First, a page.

Shimon Agranat

From Wikipedia, the free encyclopedia
Jump to navigation Jump to search
Agranat in 1962

Shimon Agranat (Hebrew: שמעון אגרנט‎; September 5, 1906 – August 10, 1992) was the President of the Supreme Court of Israel from 1965 until 1976.


Agranat was born to a Jewish-Zionist family in Louisville, Kentucky in 1906, his parents, Aaron Joseph Agranat and Polya Schnitzer, had immigrated to the United States from Russia shortly before his birth. Agranat grew up in Chicago and attended Jewish schools, he studied law and philosophy at the University of Chicago, and graduated with a law degree from the University of Chicago Law School in 1929. He emigrated to Mandatory Palestine in 1930 and settled in Haifa.

Agranat was married to Carmel Friedlander, the daughter of Israel Friedlander and niece of Norman Bentwich; the couple lived in Nayot, Jerusalem,[1] and had five children.

Judicial career[edit]

In April 1932, Agranat was certified as a lawyer in Palestine. After completing an internship in Jerusalem, he worked as a private lawyer. In 1940, he was appointed a judge on the Haifa Magistrate's Court. In 1948, he became President of the Haifa District Court.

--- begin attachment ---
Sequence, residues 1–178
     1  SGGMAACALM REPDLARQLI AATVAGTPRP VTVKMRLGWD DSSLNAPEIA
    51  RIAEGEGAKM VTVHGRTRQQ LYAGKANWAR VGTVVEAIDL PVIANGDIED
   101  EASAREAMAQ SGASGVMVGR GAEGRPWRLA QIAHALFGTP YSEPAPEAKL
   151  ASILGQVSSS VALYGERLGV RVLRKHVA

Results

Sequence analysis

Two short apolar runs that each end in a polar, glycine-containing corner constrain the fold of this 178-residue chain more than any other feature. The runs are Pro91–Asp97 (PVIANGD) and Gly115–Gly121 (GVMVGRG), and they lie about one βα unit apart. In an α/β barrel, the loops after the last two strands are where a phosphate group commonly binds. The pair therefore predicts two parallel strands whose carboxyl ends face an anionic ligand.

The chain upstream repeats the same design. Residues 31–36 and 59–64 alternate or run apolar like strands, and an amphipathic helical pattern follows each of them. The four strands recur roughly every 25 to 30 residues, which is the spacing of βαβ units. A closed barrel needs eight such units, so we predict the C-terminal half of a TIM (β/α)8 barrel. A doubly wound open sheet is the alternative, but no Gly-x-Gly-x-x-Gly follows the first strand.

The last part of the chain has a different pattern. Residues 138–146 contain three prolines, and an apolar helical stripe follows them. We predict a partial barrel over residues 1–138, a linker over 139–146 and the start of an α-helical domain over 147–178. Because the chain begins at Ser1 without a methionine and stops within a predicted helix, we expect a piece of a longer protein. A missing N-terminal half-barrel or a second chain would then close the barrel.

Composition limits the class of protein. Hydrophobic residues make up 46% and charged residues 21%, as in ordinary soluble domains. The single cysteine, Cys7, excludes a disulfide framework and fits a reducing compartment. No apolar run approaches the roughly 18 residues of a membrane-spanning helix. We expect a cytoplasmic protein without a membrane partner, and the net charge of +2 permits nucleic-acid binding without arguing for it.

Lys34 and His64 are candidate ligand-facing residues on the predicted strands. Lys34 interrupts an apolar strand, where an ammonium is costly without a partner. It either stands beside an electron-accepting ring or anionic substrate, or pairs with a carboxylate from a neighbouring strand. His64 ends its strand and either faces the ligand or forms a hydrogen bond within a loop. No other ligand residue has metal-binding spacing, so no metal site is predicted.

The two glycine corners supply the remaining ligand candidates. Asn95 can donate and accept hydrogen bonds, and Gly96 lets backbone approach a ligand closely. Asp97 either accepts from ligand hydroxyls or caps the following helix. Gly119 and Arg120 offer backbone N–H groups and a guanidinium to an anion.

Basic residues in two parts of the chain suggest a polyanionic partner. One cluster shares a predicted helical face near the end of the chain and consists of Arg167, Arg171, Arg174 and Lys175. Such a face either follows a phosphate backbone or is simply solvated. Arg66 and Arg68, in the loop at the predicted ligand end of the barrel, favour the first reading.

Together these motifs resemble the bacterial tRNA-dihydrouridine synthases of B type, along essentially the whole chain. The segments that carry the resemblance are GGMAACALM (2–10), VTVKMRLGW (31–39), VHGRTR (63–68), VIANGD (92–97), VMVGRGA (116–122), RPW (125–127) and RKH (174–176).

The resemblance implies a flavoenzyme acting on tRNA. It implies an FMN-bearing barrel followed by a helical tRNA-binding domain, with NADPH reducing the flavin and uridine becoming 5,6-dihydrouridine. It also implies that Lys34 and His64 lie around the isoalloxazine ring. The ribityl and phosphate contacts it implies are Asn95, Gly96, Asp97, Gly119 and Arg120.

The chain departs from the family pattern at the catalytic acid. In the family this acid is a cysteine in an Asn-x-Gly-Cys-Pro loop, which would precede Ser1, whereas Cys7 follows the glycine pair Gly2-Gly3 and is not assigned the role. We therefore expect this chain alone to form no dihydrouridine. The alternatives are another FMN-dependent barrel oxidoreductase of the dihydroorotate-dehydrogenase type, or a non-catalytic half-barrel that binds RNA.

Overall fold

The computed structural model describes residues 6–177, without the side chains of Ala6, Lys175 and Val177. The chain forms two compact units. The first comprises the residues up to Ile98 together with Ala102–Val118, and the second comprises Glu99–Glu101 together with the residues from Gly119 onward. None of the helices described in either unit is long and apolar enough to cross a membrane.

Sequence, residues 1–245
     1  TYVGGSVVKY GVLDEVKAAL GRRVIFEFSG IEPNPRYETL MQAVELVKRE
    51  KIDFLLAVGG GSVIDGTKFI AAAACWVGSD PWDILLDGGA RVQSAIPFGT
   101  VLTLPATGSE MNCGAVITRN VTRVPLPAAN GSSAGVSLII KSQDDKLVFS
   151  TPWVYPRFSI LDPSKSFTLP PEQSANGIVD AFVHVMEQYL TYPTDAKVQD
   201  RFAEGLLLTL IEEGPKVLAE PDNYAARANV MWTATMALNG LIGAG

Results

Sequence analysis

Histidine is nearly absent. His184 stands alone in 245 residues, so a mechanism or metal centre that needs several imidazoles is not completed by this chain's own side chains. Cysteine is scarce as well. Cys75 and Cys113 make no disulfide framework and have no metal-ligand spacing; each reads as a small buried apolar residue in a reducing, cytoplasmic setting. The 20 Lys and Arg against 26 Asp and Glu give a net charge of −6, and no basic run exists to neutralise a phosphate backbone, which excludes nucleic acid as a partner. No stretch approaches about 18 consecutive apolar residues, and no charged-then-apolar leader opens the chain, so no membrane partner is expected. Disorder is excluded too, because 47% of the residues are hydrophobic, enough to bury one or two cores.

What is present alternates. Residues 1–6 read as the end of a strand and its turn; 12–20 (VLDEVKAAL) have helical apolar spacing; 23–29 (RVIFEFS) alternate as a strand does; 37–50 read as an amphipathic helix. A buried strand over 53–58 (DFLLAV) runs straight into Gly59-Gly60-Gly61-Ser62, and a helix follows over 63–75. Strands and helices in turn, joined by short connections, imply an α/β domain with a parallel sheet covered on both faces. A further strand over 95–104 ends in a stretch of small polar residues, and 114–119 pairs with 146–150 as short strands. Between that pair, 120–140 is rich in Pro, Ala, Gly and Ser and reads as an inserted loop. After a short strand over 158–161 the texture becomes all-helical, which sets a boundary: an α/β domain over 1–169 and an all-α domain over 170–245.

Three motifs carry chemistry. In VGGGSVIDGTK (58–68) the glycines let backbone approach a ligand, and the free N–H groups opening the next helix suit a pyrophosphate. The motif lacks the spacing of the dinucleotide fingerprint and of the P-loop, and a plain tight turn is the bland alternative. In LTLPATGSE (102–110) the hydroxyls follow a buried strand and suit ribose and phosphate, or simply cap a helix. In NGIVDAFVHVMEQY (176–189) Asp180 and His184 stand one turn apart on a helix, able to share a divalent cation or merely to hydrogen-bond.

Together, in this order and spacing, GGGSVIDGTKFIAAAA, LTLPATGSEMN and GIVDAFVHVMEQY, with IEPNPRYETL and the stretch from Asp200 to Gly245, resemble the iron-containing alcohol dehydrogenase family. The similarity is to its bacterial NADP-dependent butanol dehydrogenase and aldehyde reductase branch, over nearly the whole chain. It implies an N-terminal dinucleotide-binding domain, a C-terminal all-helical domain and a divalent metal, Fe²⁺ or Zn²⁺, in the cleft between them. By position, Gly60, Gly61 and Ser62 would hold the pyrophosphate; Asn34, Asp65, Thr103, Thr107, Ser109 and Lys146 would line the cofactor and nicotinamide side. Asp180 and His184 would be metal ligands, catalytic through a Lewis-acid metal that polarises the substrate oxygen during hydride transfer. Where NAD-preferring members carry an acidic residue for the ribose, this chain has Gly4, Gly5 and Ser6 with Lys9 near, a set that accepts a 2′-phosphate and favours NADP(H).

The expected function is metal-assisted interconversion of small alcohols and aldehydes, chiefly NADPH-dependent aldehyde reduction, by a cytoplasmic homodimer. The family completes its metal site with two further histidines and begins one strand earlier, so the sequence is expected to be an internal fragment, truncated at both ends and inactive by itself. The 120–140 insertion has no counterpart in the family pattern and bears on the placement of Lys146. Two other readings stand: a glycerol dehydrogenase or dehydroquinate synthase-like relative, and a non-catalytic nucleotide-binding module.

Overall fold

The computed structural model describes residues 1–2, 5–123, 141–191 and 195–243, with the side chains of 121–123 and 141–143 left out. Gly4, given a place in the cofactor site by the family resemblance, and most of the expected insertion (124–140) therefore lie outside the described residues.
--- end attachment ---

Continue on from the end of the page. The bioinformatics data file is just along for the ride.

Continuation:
In December 1948, Agranat was appointed to the Israeli Supreme Court at age 42, becoming one of the world's youngest Supreme Court justices. From 1954 to 1966, while continuing to serve on the Supreme Court, he was a Visiting Professor of Criminal Law at the Hebrew University of Jerusalem, he was appointed President of the Supreme Court in 1965, and served in this position until 1976, retiring at the age of 70. In 1974, he headed the Agranat Commission, which investigated the 1973 Yom Kippur War; the findings of this commission led to the resignation of Prime Minister Golda Meir, Defense Minister Moshe Dayan, and IDF Chief of Staff David Elazar.[2] Following his retirement, he taught at the Hebrew University of Jerusalem and Tel Aviv University.[3]

Awards and commemoration[edit]

In 1968, Agranat was awarded the Israel Prize for his contribution to Israeli jurisprudence.[4] A plaza at the entrance to the Israeli Supreme Court[5] is named for Agranat.[2]

See also[edit]


  1. ^ Batei Tzioney America, Kol Ha'ir, Ruth Yovel, July 3, 1987 (Hebrew)
  2. ^ a b The Frying Pan and the Fire
  3. ^ "Simon Agranat Dead; Senior Israeli Jurist, 86". The New York Times. August 12, 1992.
  4. ^ "Israel Prize Official Site - Recipients in 1968 (in Hebrew)".
  5. ^ "Archived copy". Archived from the original on 2014-05-05. Retrieved 2014-05-15.CS1 maint: Archived copy as title (link) free decisions database